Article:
Bonding through boating
Editor's note: This is the first article of a weekly summer series that will examine outdoor activities in the area.
Jed Santerre grew up enjoying the wind on his face aboard his father's boat. The waters of Lake Pepin were split by the hull of their sailboat nearly every summer weekend of his childhood. But, as is typical, that idyllic family time ended during the throes of adolescence.
Bruce Santerre, a board member of the Lake City Yacht Club, continued to ply his craft during that absence. His purchase of a new boat, Split Decision, in "2002 or 2003" reignited his son's passion and reunited the family.
"It's kind of like our home away from home," said Jed, a 29-year-old retail worker out of Twin Cities. "A lot of people have cabins up north. We have this down south. It's kind of our little jewel that not a lot of people know about."
That time away from the water is a distant memory these days. Bruce and his two sons, Joel and Jed, traveled to a pair of races in Michigan last summer; it was Joel's 14th time competing in the Race to Mackinac and Jed's sixth.
The three also traveled to South Carolina this spring for Charlestown Race Week, along with four crewmembers from the Lake City Yacht Club. It took 24 hours to haul the large racing boat about 1,200 miles.
Their pursuits will focus on a more local scene this weekend.
The Lake City Yacht Club will hold its annual Pepin Open, with races beginning this morning and planned through Saturday.
The elder Santerre is the race director, while his sons have been involved in securing sponsorships. Sailors will have an chance to win $2,000 in raffle prizes.
"The common denominator is their love of boating," said Bruce, who joined the yacht club in 1983. "But I know they enjoy a nice meal, an adult beverage and the chance to win a nice prize, too."
While their numbers are down slightly due to the economy, many of the 130 member families (a family is considered one member) view this weekend as the boating highlight of their summer. It's widely considered the most prestigious event in a busy schedule on Lake Pepin, with competitors from three states trekking to Lake City for the races.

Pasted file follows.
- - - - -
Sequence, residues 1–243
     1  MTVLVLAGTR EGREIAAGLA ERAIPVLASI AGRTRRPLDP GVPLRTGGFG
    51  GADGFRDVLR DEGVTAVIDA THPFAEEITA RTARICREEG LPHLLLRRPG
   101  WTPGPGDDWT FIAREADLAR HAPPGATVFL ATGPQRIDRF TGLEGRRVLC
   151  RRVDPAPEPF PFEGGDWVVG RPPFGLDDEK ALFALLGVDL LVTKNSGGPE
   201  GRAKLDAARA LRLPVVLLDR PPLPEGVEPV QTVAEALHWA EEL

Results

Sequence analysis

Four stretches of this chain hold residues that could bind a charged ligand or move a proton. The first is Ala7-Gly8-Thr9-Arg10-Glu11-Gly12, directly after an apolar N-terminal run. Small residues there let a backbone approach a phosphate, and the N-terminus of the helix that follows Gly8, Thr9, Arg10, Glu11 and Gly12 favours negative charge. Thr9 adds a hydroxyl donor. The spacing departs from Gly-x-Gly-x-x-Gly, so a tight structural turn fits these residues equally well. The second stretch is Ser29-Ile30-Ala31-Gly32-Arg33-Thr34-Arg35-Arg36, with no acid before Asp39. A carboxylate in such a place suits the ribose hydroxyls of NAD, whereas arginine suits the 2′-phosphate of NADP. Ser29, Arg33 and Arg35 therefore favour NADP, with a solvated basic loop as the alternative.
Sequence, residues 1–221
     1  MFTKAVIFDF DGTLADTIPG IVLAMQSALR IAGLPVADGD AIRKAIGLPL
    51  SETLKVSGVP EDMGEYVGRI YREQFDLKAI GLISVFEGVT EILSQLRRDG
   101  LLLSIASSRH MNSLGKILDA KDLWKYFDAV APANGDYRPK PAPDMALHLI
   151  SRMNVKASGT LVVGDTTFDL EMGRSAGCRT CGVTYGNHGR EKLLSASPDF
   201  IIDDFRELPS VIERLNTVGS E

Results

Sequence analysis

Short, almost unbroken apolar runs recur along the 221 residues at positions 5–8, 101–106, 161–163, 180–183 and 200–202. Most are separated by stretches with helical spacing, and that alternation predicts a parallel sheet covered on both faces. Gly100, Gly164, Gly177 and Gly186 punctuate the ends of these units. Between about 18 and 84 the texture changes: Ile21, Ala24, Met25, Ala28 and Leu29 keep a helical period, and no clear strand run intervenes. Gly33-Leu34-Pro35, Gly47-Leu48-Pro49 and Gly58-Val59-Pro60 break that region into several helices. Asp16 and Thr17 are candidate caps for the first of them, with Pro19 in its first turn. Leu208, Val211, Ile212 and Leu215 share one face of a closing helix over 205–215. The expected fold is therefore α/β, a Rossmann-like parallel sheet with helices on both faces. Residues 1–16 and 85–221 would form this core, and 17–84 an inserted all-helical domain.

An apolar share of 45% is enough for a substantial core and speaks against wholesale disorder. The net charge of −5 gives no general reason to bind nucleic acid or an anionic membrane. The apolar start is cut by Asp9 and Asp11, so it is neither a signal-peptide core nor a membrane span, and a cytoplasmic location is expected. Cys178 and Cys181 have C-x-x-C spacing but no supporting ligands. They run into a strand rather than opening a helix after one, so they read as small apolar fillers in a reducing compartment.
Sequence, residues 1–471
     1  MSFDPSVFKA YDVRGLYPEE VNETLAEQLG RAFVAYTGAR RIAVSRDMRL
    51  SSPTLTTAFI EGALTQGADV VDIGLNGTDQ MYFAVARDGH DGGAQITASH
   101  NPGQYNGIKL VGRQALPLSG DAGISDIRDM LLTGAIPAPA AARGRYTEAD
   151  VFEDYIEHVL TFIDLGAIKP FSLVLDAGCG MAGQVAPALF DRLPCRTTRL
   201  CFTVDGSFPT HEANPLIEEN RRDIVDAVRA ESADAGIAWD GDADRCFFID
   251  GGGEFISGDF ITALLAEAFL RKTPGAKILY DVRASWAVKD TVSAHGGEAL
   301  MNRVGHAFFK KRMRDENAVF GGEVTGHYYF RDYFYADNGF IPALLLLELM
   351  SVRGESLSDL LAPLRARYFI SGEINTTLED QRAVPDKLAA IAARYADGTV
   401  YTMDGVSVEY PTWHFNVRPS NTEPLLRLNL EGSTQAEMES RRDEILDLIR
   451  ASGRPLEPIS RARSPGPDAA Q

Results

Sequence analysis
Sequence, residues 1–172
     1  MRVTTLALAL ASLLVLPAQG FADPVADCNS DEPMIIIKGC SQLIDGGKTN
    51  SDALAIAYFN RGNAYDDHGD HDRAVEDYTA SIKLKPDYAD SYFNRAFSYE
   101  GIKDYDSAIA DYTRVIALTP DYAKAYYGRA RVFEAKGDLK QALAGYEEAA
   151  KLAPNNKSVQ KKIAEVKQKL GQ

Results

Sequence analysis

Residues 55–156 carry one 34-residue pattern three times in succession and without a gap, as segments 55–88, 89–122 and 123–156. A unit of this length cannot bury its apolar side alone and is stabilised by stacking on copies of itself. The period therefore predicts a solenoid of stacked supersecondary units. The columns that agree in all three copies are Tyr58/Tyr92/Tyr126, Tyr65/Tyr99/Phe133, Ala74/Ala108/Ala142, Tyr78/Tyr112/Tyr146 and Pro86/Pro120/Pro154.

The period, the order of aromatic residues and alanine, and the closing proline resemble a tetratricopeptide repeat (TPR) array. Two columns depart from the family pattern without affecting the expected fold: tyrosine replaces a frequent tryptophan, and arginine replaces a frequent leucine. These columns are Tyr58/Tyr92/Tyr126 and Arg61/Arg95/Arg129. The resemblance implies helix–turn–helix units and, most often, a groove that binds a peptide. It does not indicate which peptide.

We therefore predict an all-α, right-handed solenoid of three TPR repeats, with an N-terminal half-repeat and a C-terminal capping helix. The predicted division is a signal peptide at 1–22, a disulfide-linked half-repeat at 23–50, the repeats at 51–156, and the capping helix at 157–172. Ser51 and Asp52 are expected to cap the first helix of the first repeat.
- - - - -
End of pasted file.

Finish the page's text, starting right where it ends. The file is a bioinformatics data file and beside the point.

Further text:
The social aspect of the gathering is anticipated, the Santerres acknowledge, but the competition is fierce.
"It's actually a very physical sport," Jed said. "Some guys think it's a wine-and-cheese type of thing."
"We really want to win this one," said Joel, noting their best finish is second in the last five years of the Pepin Open.
The Pepin Open accounts for three of the club's 31 races this year. It's expected to draw around 20 boats, with crew sizes ranging from one to seven. The first race begins today at 11 a.m.
Those who aren't involved in the actual racing often watch from the deck of the floating clubhouse in the Lake City Marina.
It figures to be a hectic -- but fun -- weekend for the Santerre clan.
Bruce, who underwent a root canal Thursday, is in charge of the racing logistics.
Joel will pass out the Pepin Open commemorative T-shirts.
Jed's wife, Jodi, is expecting a baby in two short weeks, which could cut short their stay.
Having gone through the pain of separation from boating with one of his own children, Bruce plans to make this year's racing experience inclusive for all ages. He'll provide blank T-shirts and encourage kids to create their own keepsakes while their parents enjoy happy hour.
"It's just a great lifestyle," Bruce said. "It's great for a family. If people can have half the fun we're having, it'd be great."